Keeping the ‘Freshman 15’ off with exercise

Jenna Francis

Being consistent with workouts and counting calories are two ways to avoid the “freshman 15” and live a healthy lifestyle.

Ben Cope, fitness coordinator in the Department of Recreational Services, said it is easy to lose track of weight gain during the first year of college because students are no longer having dinner cooked for them by their parents and many are less active because they were athletes in high school. Cope said if a person consumes 500 more calories than they burn every day for a week they would gain one pound.

“So literally the first three months of school that could be 12 pounds right there,” Cope said. “The biggest thing is the combination of the two – the cardio and the strength training – together. Obviously you can do one or the other, but when you combine the two that’s when your body really starts to respond quickly.”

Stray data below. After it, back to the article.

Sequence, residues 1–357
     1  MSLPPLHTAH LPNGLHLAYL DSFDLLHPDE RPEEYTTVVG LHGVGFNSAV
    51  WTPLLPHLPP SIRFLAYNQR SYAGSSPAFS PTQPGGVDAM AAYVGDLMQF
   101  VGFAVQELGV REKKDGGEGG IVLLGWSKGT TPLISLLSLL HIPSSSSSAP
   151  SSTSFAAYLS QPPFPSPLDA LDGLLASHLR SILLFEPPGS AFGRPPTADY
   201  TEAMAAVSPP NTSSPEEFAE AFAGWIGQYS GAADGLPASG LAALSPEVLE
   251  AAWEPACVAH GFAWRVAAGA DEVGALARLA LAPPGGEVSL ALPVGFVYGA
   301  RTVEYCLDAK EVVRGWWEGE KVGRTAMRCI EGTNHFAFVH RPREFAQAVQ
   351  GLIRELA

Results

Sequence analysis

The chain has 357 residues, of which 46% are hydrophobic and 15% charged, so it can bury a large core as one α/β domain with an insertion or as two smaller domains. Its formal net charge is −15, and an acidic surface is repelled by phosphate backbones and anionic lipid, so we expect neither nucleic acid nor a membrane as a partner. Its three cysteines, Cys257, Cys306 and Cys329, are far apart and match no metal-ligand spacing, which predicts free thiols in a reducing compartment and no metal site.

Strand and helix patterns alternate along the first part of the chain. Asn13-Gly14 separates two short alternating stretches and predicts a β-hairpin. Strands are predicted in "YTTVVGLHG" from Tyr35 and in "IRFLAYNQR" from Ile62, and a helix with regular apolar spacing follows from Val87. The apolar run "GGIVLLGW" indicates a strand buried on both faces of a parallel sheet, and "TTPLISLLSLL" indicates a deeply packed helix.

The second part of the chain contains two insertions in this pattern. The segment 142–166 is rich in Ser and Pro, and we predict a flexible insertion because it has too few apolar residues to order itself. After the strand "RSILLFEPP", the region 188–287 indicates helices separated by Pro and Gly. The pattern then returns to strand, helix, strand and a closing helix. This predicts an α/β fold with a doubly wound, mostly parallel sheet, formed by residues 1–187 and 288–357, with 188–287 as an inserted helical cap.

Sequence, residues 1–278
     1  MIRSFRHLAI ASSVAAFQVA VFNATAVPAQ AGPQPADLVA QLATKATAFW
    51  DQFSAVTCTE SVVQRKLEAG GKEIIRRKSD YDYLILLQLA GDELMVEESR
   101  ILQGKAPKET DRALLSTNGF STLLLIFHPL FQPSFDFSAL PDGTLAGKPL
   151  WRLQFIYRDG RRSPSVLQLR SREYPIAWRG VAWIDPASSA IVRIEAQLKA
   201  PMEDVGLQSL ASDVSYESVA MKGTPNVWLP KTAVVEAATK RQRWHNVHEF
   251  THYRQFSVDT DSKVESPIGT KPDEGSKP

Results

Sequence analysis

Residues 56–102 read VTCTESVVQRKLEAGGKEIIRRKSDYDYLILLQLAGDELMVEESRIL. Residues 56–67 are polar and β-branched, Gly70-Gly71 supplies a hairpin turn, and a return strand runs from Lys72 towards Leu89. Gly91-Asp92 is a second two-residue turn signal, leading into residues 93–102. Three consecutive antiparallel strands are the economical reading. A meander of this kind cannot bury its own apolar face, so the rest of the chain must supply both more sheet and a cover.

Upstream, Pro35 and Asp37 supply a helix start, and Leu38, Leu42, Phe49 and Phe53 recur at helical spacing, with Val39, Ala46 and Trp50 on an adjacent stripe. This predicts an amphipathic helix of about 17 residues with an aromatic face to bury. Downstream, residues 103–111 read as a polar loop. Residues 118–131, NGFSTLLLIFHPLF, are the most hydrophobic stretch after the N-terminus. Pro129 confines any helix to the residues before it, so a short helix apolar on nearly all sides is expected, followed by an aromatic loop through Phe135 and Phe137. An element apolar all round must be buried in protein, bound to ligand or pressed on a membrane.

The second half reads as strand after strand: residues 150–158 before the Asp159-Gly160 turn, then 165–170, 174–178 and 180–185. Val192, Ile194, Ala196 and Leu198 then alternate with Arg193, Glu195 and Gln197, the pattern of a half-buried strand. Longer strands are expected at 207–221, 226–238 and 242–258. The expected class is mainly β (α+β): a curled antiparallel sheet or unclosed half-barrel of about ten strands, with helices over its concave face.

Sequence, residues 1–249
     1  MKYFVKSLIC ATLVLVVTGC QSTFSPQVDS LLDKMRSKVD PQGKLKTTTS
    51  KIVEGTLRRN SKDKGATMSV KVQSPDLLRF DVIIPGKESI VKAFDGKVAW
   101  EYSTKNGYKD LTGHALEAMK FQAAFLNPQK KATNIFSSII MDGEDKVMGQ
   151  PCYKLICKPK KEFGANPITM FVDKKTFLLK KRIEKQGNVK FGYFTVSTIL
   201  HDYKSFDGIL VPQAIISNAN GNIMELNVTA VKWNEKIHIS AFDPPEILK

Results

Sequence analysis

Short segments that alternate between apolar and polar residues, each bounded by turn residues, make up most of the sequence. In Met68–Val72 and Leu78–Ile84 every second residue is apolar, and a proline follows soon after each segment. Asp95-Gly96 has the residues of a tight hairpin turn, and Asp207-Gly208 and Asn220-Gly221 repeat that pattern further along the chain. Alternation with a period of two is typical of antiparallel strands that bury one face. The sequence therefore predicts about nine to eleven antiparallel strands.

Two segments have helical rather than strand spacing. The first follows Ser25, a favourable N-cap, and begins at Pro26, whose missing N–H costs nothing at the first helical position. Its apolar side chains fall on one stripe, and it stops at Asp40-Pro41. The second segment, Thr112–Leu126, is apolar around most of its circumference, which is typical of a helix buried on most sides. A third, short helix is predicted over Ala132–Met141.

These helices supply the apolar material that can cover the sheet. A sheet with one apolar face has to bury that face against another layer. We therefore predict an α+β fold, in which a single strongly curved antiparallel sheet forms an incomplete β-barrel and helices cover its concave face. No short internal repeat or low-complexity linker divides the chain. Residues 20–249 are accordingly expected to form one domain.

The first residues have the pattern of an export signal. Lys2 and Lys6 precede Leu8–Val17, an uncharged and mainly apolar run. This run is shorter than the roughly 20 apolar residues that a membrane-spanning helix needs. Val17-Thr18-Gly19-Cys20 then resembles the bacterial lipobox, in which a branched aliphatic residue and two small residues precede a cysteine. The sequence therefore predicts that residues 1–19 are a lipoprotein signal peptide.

To make sure students have the chance to stay active and healthy, Kent State offers many opportunities to get the government recommended 150 minutes of physical activity a week.

Students taking at least five credit hours have unlimited access to the Recreation Center and can attend the 110 fitness classes the Recreation Center offers for $40.

The Recreation Center isn’t the only place on campus where students can find a workout.

The School of Health Sciences in the college of Education, Health and Human Services offers several one credit hour workout classes such as yoga, pilates, kickboxing and boot camp.

Dr. Gloria Gonzalez, assistant professor in the Foundation, Leadership and Administration department, said it is important for students to not only exercise their mind but also exercise their bodies. 

“We want the students to know that they are supposed to be rigor in the class and it’s not just show up to class and get a grade. It is come out and actually do the activity,” Gonzalez said. “There’s something for everybody.”

Gonzalez said one of the most popular classes for students to take is the boot camp class.

“Boot camp is where the students are put through high intensity paced workouts, but they can do it at their own level. They want them to go all out, but everybody’s all out is different and the instructors know that,” Gonzalez said. 

Instructors not only impress faculty members but also students.

Megan Duffy, senior photo illustration major, said she took the boot camp class last year.

“My teacher was awesome he taught us a lot about pushing ourselves,” Duffy said.